I consider myself an entertainer first and foremost and adhere to Ernest Hemingway’s dictum that, regarding novels, if you want to send a message, go to Western Union.
But there still are issues I occasionally wish to share my thoughts on, and I’ve taken the opportunity several times recently to climb up on a soapbox at various literary conferences and offer my thoughts on one subject of particular interest to writers. I thought I’d share it with visitors to my web site as well.
The Death of Reading
By Jeffery Deaver
I’ve got what I think is the very best job.
I have no commute; I can dress like a slob.
I get paid to make up things–isn’t that neat?–
Just like at the White House and 10 Downing Street.
Only in my case there’s no dereliction.
In fact, lying’s expected when you’re writing fiction.
So imagine my horror, imagine my fear
When I read in the press that the end was near.
But not Armageddon or crazed terrorists.
No, the death of reading was the article’s gist.
Teachers and parents and critics all share it:
That like Monty Python’s proverbial parrot
Reading is dead, deceased, pushing up daisies.
People are growing increasingly lazy,
lured by the siren of electronic toys
That fill up their lives with meaningless noise.
A thousand new ways to fill up our time
With distractions we worship like gods in a shirne:
YouTube, Facebook, big-screen TVs
And mobile phones smarter than I’ll ever be.
Now, if people are no longer going to read,
Ergo, writers are something that nobody needs.
This made my heart tremble and made my hands shake
And I considered what other jobs I might take.
But looking for work to find something new,
I decided that I all I could possibly do
Involved making lattes and learning to say,
“Let me tell you about our specials today.”
So before heading off to my overpriced shrink,
I decided it might be best to rethink
these terrible rumors that we’ve all heard
About the demise of the written word.
Now, if truly readers are dying off fast,
That suggests there were masses of them in the past,
But I can hardly imagine when that might have been.
Who had, after all, any time to read when
You were fighting off lions with your bare hands
And wandering nomadic across desert sands.
True, reading wasn’t past everyone’s reach,
But stone tablets weren’t popular reads at the beach.
In ancient Rome, yes, people read more,
But not mass-market scrolls from their local drug store.
And Latin, oh, please . . . once your lessons were done
Your life span was over, and your neighbors were Huns.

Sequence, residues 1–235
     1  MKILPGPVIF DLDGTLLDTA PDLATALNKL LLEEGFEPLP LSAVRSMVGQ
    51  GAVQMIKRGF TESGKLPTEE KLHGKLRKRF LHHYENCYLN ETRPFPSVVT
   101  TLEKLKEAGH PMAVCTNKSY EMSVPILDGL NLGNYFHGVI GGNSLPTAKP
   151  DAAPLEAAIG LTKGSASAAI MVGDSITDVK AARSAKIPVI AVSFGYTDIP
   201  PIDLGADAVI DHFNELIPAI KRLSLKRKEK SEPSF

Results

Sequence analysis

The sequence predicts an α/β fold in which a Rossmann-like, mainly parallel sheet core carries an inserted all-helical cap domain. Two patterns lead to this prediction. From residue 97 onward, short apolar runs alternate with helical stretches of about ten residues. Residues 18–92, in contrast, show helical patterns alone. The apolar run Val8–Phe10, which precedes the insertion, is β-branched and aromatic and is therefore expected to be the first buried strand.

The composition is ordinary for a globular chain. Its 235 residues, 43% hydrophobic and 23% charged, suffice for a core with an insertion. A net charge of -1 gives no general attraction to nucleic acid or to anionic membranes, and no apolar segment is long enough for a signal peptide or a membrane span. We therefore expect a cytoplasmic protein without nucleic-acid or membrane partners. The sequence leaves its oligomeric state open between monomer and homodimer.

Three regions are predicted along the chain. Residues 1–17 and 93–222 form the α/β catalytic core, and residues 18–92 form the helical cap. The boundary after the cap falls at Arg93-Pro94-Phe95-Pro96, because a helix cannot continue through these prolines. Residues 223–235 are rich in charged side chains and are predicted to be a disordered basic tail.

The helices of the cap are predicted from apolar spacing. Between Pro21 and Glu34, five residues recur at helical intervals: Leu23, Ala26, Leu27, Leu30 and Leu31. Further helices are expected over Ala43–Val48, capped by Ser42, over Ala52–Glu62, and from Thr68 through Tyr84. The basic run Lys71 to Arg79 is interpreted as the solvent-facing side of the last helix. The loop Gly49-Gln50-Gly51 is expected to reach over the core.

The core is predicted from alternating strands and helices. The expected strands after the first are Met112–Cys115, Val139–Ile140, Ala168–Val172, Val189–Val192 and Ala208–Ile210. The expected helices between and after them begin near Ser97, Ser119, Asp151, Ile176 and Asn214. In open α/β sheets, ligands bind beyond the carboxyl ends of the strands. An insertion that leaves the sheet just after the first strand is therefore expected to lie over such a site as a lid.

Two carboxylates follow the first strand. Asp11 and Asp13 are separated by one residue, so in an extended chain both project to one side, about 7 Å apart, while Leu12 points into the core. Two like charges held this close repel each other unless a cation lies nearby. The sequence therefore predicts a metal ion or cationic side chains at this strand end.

In medieval times, there was always the hope
That you might learn to read–if you worked for the Pope,
Or you were a royal or other elite,
Which left everyone else up illiterate creek
Then Gutenberg invented movable letters,
Making access to books a little bit better.
Though another small problem existed, of course,
That the smallest of books cost more than your horse.
Victoria’s queen; tuppence novels arrive.
And everywhere interest in reading thrives.
But despite what the doomsayers might be wishing,
The data show Dickens sold far less than Grisham.
Well, if the past hardly proves what the critics say,
Then how ’bout the state of reading today?
To find out if no one reads anymore
I looked over, where else, some local book stores,
Which, despite some attrition, was jammed to the gills,
And virtually every shelf was filled
With books on more subjects than I knew existed
And dozens of posters on which were listed
Upcoming visits by writers galore,
Who’d read to their fans right there in the store:
Lit’rature, poems, true crimes about killers
And self-help and travel, and–oh, yeah–thrillers.
And if retail stores turn you into a grouch,
You don’t even need to get off your couch.
Click on Amazon’s site and browse online
For ten million titles, all day long, any time.
A few years ago when I was downtown,
Doing some shopping, just strolling around
I nearly died in a massive stampede
Of children, no less, in desperate need
To purchase their latest heart’s desire,
No batteries required, no software, no wires,
A book’s what they sought and they’d waiting all day.
Who’s this Harry Potter guy, anyway?
We love reading so much that the books we now see
Are changing from what they used to be.
Paper and ink have just been transformed,
To pixels we read in digital form.
And, instead of meeting some horrible fate,
Last year book sales rose an astonishing rate,
A million new titles, to look at the stats.
And, no, this is not an alternative fact.
So forgive me, the ghosts of Lake Windermere,
And all other poets that we hold so dear,
Not to mention the late and the great Dr. Suess,
For my rhyming transgressions and rhythmic abuse,
But I simply couldn’t sit back and ignore
This lie that nobody reads anymore.
And I’ll share some more proof that there’s nothing to fear:
Why, just look around at our gathering here.
You could be dining or napping or hanging in bars,
Or flipping through channels for Dancing with Stars.
But no, you’ve come here, whatever it took,
For something immortal . . . the passion for books.
© 2018 Jeffery W. Deaver
(Please feel free to print this and share it provided it’s attributed to Jeffery Deaver and the copyright symbol is included.)